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Comcast Hounded By Collections Agency 142

Posted by Soulskill
from the turnabout-is-fair-play dept.
Bob the Super Hamste writes "According to the St. Paul Pioneer Press, Comcast is being taken to court for non-payment by a bill collection agency it used to collect past-due payments from customers. The suit alleges that Comcast agreed to pay $5 for each account it closed and that for each account the collection agency handled Comcast would pay 33% of the collected funds. The suit is seeking $314,210 for account cancellations and estimates Comcast owes them $50,000 for delinquent funds collected."
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Comcast Hounded By Collections Agency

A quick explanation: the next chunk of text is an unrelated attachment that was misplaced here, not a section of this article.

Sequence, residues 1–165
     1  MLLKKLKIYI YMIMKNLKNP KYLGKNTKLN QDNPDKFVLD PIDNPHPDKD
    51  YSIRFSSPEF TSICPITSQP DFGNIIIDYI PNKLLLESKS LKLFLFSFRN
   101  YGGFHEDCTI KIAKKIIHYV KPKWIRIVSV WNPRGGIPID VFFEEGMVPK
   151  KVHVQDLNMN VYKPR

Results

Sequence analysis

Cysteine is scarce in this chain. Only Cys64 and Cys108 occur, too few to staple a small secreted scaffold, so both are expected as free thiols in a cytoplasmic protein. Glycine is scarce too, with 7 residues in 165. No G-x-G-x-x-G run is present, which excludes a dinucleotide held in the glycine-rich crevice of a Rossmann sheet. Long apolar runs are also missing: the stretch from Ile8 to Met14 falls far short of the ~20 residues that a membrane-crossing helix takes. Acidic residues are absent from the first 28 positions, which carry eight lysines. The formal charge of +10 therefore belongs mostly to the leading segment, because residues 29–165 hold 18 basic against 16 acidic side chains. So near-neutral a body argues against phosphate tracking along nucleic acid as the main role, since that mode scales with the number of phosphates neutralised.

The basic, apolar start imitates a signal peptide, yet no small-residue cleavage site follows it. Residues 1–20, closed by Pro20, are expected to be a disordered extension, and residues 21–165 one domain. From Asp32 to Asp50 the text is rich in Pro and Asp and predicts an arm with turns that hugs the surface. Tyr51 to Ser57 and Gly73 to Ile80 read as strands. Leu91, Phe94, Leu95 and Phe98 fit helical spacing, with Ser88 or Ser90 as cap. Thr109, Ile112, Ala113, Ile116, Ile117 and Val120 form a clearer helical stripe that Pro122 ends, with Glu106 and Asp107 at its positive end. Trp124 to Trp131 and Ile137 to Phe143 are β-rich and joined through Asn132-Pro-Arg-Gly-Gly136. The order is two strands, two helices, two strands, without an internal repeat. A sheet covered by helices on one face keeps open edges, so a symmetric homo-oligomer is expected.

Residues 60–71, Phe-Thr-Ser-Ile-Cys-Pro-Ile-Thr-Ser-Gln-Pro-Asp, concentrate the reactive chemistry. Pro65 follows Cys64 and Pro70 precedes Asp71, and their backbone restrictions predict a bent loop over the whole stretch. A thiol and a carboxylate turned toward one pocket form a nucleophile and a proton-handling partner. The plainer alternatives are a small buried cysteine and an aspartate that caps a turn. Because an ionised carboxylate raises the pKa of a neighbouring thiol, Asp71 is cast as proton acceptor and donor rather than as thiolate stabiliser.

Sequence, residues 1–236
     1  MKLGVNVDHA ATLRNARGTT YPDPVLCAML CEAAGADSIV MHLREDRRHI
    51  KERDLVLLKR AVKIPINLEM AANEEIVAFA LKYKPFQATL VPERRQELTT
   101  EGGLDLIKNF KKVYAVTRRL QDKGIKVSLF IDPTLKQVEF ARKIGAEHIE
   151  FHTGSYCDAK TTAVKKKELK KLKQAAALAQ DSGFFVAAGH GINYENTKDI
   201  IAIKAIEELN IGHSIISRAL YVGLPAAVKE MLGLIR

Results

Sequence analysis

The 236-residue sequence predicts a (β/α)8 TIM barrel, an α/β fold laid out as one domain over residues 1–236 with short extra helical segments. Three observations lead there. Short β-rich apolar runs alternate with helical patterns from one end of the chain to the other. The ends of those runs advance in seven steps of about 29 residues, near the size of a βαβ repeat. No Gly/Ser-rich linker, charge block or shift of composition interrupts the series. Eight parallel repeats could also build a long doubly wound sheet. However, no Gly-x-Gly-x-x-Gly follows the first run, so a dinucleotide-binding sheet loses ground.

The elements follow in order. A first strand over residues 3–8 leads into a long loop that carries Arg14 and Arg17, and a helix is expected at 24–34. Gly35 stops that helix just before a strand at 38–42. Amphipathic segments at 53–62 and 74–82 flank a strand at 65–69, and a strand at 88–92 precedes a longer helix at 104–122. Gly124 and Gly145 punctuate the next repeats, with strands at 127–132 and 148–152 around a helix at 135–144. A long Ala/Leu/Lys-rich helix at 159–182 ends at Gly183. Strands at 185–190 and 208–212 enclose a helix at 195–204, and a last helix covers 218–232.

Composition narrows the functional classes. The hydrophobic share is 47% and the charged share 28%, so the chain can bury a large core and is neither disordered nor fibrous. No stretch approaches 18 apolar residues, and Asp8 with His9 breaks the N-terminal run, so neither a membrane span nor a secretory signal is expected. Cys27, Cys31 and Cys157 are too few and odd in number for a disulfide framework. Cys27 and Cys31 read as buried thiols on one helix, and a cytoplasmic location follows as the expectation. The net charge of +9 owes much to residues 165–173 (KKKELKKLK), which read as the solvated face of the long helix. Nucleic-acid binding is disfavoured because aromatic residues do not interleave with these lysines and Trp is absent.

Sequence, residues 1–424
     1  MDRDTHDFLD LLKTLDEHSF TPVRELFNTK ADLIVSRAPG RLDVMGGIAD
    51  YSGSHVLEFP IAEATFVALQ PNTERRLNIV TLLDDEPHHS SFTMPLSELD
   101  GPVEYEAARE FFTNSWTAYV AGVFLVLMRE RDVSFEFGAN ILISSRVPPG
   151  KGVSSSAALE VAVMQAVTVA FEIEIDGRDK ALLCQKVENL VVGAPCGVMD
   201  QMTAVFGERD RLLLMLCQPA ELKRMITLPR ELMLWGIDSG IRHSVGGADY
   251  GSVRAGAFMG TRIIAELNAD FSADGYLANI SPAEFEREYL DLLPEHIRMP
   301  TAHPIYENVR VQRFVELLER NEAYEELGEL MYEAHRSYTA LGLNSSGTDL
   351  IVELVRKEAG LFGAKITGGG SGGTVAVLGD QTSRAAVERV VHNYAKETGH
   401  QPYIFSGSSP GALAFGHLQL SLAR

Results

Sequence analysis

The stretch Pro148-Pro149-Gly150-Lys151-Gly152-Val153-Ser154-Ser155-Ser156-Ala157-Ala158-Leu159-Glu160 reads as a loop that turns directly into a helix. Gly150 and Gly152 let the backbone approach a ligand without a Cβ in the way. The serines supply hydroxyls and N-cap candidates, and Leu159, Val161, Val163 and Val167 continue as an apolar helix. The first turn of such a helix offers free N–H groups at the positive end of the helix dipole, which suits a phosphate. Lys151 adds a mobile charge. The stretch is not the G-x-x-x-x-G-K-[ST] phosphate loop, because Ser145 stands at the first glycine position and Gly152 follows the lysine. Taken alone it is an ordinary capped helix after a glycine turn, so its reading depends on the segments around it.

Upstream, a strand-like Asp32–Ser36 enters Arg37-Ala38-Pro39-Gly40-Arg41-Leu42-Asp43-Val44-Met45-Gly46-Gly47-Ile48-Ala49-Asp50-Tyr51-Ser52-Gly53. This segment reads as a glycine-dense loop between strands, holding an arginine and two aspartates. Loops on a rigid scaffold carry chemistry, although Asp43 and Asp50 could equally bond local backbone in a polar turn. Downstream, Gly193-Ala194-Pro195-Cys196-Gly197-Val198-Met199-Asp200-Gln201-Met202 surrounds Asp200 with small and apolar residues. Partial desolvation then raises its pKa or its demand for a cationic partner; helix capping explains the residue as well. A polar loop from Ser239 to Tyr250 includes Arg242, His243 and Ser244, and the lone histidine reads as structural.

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  • by shentino (1139071)

    Ha ha

    • by MightyYar (622222)

      Yeah, I can't decide whether to rejoice because a collection agency got stiffed, or bust out the champagne because Comcast has been sued. Win-win!

  • by RobertM1968 (951074) on Saturday April 23, 2011 @05:04PM (#35916930) Homepage Journal

    As much as I generally hate the practices of various collections agencies (and I've worked collections), I'm rooting for a Comcast loss on this one. Serves them right with the way they treat customers, and their attempts to destroy the Internet.

    • by Oxford_Comma_Lover (1679530) on Saturday April 23, 2011 @05:08PM (#35916968)

      Agreed.

      Collections agencies behave immorally but legally, and companies sell to them because it gives them some money from past due accounts and the immorality is not directed at the company.

      But Comcast sending its past-due customers to a collections agency and then refusing to pay its own bill (simplifying the facts but taking the alleged facts to be true) is the height of hypocrisy.

      • by hedwards (940851) on Saturday April 23, 2011 @05:18PM (#35917036)